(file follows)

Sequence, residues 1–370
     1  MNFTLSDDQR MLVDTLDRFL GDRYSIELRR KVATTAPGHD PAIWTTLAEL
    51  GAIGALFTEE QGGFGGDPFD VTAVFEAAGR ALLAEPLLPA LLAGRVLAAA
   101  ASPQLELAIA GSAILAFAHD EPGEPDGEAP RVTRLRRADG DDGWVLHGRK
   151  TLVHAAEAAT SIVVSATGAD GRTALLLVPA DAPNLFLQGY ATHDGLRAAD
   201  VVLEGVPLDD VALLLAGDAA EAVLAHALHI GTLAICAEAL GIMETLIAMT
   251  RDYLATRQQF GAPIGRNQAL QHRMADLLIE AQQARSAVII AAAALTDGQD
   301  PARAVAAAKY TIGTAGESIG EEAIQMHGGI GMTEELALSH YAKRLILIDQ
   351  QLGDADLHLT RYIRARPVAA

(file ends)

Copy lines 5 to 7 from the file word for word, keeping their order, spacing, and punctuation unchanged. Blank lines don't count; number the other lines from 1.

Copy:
   151  TLVHAAEAAT SIVVSATGAD GRTALLLVPA DAPNLFLQGY ATHDGLRAAD
   201  VVLEGVPLDD VALLLAGDAA EAVLAHALHI GTLAICAEAL GIMETLIAMT
   251  RDYLATRQQF GAPIGRNQAL QHRMADLLIE AQQARSAVII AAAALTDGQD